Last spring, Nora and I, walked past a table at the Mt. Adams Art Walk and couldn’t help but notice the bright and colorful artwork at the allie art table. Fascinated, Nora looked over every trinket, postcard and necklace. Little did we know, that the story behind the art (and the artist) was as incredible as the art itself. After discovering allie art, I reached out to Allie’s mom to hear more about their story, and the CMB team is so glad we did. Moms like Sharon encourage and inspire us, and it’s no surprise that her daughter would do the same.
Here is the story in the word’s of Allie’s Mom:
“One Christmas, about five years ago, I bought Allie a geometric design coloring book, some markers and colored pencils for her stocking. She always has loved to color, and was delighted to have adult coloring pages to fill. About a year later, she went with my husband Bob to his office and brought the design book and pencils with her to work on while there. She showed her book to Jeff Johns, Bob’s co-worker (who happens to be an artist) and he was pretty impressed with her work and her sense of putting colors together. He made a very inspiring comment to her that she loves to repeat, “Allie, the world needs to see your work!”
About a month later, Jeff called to say that there was a 5’ by 10’ wall space available right next to where he shows his painting at the Pendleton Art Center in downtown Cincinnati, and that Allie should rent it and show her work. At first I was a little hesitant about it, not sure how to even begin and even more afraid that it would not go well. As a parent of a daughter with special needs, I always want to do all I can to set her up for success. There are always a lot of challenges and disappointments, and my goal is to minimize them. I also knew realistically that I was going to be the one to do the framing and the overall management of the venture! But Allie really wanted to do it…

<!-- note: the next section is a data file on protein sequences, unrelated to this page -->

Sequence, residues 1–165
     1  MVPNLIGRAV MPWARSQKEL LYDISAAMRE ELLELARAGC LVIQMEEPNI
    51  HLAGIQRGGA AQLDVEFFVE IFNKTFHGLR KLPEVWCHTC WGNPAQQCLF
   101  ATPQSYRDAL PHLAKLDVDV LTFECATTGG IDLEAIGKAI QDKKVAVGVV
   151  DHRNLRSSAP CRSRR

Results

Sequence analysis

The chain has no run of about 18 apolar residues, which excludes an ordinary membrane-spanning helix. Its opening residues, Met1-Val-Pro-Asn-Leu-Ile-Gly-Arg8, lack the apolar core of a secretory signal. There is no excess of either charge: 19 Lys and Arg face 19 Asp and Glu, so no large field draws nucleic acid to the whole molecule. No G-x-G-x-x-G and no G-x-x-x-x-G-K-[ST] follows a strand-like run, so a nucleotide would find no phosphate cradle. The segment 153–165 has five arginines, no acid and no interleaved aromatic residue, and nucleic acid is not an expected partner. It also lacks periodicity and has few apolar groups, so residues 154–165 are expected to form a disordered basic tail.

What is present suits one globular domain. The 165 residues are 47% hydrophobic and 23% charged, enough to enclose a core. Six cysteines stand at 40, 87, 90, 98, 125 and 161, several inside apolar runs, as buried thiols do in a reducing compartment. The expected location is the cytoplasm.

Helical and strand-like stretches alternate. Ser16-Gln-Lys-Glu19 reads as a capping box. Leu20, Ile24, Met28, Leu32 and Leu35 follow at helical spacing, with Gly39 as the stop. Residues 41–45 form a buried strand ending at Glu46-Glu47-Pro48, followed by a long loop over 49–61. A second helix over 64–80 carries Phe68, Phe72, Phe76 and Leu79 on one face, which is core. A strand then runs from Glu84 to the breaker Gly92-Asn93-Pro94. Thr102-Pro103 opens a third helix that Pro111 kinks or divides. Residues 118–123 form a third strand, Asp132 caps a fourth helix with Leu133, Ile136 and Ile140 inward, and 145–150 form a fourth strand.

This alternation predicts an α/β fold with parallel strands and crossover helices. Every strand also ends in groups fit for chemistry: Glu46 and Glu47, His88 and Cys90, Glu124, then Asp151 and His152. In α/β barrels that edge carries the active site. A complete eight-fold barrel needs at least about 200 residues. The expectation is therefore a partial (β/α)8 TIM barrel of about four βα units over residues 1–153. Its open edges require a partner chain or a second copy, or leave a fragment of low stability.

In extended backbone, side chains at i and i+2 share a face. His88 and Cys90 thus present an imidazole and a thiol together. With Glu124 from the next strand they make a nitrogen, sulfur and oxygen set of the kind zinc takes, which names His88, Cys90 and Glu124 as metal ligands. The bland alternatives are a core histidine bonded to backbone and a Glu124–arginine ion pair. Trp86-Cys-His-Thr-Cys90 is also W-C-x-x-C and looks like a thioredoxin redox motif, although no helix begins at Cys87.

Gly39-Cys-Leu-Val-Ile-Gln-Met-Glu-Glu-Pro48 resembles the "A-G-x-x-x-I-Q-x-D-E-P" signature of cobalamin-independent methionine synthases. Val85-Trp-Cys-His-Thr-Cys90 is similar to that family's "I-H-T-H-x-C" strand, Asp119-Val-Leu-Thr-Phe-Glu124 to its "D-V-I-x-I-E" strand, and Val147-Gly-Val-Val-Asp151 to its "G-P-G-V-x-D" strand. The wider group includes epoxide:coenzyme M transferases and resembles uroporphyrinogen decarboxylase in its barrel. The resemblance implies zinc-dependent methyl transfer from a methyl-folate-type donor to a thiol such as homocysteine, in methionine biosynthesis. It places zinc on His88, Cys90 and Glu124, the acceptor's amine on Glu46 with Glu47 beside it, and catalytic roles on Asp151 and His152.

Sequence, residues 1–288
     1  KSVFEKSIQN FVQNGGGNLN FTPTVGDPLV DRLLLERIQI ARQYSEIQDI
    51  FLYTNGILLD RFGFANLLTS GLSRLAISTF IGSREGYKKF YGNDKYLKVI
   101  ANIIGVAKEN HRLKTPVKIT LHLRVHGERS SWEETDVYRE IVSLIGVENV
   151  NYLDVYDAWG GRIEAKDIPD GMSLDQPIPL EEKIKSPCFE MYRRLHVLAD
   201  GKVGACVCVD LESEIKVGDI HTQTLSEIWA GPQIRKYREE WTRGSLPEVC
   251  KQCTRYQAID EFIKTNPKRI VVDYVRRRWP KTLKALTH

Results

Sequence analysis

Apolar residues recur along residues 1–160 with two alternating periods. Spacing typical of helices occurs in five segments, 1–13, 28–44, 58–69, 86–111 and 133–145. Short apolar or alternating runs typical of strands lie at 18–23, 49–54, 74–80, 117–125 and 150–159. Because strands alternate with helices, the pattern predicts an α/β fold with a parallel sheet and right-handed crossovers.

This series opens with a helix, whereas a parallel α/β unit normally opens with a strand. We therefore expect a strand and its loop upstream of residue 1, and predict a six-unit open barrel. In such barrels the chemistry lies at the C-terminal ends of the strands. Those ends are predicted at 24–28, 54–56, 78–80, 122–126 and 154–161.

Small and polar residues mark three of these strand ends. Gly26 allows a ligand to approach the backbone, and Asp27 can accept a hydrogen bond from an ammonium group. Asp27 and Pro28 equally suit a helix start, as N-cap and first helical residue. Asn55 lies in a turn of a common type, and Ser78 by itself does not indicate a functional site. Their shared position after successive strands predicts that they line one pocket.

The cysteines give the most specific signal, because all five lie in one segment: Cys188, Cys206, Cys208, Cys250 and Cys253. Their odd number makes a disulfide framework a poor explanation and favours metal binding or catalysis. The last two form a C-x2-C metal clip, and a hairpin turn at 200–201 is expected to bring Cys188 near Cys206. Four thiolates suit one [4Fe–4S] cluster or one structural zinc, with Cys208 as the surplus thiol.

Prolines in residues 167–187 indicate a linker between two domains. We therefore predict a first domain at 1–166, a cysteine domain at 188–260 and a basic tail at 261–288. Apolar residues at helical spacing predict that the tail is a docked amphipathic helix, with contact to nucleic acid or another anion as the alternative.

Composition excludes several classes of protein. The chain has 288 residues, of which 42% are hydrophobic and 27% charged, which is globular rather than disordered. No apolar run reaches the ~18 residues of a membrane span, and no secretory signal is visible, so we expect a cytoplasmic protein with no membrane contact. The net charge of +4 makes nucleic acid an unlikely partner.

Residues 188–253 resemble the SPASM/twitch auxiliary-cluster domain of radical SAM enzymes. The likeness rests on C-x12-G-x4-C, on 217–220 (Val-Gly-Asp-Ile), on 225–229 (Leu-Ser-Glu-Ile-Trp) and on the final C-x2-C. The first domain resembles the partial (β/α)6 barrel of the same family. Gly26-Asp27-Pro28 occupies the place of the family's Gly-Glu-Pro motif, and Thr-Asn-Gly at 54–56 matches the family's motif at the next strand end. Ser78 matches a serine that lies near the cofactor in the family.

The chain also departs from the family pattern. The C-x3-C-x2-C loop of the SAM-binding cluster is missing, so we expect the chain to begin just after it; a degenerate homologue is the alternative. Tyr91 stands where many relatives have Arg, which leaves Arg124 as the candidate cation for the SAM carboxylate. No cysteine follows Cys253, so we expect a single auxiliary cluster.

You see, this was a dream of Allie’s from way back. When she was in elementary school, as part of the IEP process for children with special needs, she had to write down each year what her dreams and goals were for her life. This was to help create the best education plan possible to meet that goal. For many years Allie wrote,
I want to be an artist.
Some years she added another occupation, too, like “and a veterinarian”, or “and a fashion designer.” But an artist was a mainstay.
So, I figured we would give it a try for a month or two. Allie paid the $50 rental fee out her savings and I began to figure out how to go about displaying her work. Framing the pictures in fun colorful frames was the obvious place to start. But in the process Allie made a comment that she didn’t want people to just hang her work on a wall, she wanted them to be able to use it and wear it too. I remember holding up one of her colorful design sheets I was getting ready to frame and asking her, “How do you wear this?!” She replied back that people wear jewelry. And she went on to say that they also use bookmarks and note cards, too. Brilliant, I thought. We got in the car and went to the craft stores to see how we could make wearable and usable “allie art.” (That was the obvious and perfect name for this venture.)
I found simple glass lockets and other metal pendants for necklaces and earrings that I could use to put small pieces of her artwork in, as well colorful notecards in which to pop her art. While at the store Allie told me that people like to sparkle, and wondered if we (which really means me!) could make that happen. I found small gems in bright colors and brought them home with us. I used some of the pieces of the design sheets I had left over from framing, cut shapes out to fit the pendants, glued them in, added a gem, and then varnished over the paper to protect it. And then, in addition to framed pieces, we had wearable art! By the way, the gems have now become a permanent part of allie art, added to all framed pieces as well as the other items we now have in the collection, making it more unique – and sparkly.